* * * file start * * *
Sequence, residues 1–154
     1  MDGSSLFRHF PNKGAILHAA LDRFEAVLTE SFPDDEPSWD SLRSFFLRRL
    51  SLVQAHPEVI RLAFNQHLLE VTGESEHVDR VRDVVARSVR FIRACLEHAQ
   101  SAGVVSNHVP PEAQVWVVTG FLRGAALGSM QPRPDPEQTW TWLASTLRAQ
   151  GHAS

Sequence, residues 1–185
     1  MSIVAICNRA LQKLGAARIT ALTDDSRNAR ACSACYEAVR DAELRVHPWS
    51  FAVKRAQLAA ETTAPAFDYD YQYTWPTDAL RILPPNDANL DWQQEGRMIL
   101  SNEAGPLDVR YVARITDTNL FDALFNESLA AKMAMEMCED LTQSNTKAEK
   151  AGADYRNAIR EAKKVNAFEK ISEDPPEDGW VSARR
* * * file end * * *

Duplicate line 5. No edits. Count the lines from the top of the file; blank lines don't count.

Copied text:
   151  GHAS